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  • 1.
    Jørgensen, Sveinung
    et al.
    Høgskolen i Lillehammer.
    Tynes Pedersen, Lars Jacob
    Department of Accounting, Auditing and Law, Norwegian School of Economics and Business Administration.
    What’s the problem? A problem-based approach to the reform of the Norwegian drug rehabilitation sector2010In: European Journal of Social Work, ISSN 1369-1457, E-ISSN 1468-2664, Vol. 13, no 3, p. 339-357Article in journal (Refereed)
  • 2.
    Olsson, Eva
    et al.
    Karlstad University, Faculty of Arts and Social Sciences (starting 2013), Department of Social and Psychological Studies (from 2013).
    Sundh, Mona
    Karlstad University, Faculty of Social and Life Sciences, Department of Social Studies.
    Perception of time in relation to work and private life among Swedish social workers: the temporal clash between the organisation and the individual2018In: European Journal of Social Work, ISSN 1369-1457, E-ISSN 1468-2664, Vol. 22, no 4, p. 690-701Article in journal (Refereed)
    Abstract [en]

    Time, or rather lack of time, is currently an issue to many involved in social work, in Sweden and elsewhere. Stress at work is presently one of the most common reasons social workers state for leaving their profession or their workplace. This article examines how time is perceived in relation to work and private life by employees in the social services. The investigation was conducted as a qualitative interview study with six social workers. An abductive approach was adopted in the analysis. The results indicate a general experience of lack of time and an individual perception of time among the interviewees. What they say about time indicates that they have a monochronic perspective on time. It is also shown that the respondents use different curbing strategies to recuperate. At work, strategies take the form of creating recovery arenas allowing for micropauses such as eating an apple or having a cup of coffee. After work, exercising or strolling in the woods are common strategies. In relation to the employer and the organisation individuals also assume responsibility for organisational shortcomings that they cannot influence. © 2018 Informa UK Limited, trading as Taylor & Francis Group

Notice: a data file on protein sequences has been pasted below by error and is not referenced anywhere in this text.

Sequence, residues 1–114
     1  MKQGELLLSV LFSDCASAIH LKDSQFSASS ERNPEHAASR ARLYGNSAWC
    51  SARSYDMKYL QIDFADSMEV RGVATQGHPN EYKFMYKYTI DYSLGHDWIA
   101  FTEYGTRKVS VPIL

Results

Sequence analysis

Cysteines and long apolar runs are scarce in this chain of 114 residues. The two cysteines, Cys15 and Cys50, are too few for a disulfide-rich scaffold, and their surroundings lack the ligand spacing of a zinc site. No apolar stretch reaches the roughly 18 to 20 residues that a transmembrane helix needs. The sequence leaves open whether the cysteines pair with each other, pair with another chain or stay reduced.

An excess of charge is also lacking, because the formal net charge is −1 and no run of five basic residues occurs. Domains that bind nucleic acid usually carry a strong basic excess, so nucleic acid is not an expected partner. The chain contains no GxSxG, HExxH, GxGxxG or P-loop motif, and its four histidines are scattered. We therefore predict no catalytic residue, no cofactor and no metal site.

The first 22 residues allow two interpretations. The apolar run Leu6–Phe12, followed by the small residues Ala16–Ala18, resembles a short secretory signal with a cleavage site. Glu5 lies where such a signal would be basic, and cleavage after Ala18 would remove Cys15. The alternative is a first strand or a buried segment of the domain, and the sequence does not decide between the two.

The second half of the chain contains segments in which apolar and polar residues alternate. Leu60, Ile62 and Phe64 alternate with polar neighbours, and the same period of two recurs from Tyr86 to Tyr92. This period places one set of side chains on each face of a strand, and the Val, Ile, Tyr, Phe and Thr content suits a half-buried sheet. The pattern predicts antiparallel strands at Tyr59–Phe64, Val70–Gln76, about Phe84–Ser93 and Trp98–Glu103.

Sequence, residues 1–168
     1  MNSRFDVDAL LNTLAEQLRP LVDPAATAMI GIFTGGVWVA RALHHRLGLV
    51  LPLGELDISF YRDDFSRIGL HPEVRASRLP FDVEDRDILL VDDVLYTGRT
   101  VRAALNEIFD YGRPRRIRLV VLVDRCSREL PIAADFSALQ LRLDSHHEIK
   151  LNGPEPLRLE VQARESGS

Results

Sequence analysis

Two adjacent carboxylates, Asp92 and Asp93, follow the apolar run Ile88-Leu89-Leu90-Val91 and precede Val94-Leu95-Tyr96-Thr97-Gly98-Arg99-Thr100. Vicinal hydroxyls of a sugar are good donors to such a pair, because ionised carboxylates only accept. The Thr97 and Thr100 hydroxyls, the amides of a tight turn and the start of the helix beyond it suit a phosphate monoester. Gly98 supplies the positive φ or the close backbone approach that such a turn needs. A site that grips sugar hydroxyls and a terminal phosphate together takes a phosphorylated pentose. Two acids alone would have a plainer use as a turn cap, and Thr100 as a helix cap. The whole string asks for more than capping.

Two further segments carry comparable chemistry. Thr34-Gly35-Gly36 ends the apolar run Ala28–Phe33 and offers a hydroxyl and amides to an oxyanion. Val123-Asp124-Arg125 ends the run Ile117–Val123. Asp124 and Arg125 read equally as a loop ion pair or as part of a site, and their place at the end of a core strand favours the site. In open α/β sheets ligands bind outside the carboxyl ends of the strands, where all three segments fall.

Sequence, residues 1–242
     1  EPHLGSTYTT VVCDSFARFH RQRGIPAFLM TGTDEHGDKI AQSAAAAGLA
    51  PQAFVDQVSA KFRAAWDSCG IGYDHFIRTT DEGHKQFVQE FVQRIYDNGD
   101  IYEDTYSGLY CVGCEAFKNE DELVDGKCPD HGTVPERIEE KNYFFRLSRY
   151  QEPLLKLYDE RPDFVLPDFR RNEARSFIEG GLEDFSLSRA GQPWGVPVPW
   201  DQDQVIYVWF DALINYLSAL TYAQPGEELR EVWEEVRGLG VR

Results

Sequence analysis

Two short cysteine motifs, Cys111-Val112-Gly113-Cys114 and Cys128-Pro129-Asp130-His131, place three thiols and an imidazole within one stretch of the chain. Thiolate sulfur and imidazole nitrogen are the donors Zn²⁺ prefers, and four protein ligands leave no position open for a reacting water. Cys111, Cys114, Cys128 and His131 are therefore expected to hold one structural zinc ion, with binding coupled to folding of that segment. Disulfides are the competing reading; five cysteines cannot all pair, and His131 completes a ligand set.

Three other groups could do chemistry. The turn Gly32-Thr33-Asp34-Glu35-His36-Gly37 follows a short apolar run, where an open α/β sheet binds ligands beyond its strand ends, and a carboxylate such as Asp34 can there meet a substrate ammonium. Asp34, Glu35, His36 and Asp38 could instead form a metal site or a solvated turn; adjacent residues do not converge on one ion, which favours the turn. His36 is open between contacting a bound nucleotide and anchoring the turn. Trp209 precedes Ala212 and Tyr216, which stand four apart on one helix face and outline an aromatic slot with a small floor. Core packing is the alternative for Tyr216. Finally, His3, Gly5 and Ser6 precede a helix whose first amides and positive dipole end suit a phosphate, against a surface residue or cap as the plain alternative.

• 3.
    Steigen, Anne Mari
    et al.
    Karlstad University, Faculty of Arts and Social Sciences (starting 2013), Department of Social and Psychological Studies (from 2013).
    Kogstad, Ragnfrid Eline
    Hummelvoll, Jan Kåre
    Green Care services in the Nordic countries: an integrative literature review2016In: European Journal of Social Work, ISSN 1369-1457, E-ISSN 1468-2664, Vol. 19, no 5, p. 692-715Article in journal (Refereed)
    Abstract [en]

    This article reviews Nordic literature on Green Care for people out of work orschool, or with mental health- and/or drug-related problems, published from1995 to April 2014. Green Care is a well-established international concept thatuses animals, plants and nature in an active process to offer health-promotingactivities for people. Reports, evaluations and scientific articles are included. Themainfinding was that the Green Care services described in the literatureprovided positive activities for our target group. Seven main categories emergedduring the analysis: mastery and coping, positive effects on mental health,physical activity, structure and meaningfulness, the feeling of dignity producedby performing a decent ordinary job, social gains, animals and natureexperienced as being supportive. Essential intervention factors identified can bedescribed as: (i) contact with animals, (ii) supportive natural environments,(iii) the service leader as a significant important other, (iv) social acceptance andfellowship with other participants and (v) meaningful and individually adaptedactivities in which mastery can be experienced. Thesefive components interact ina holistic way; the synergetic effects extend the sum of the single factors.

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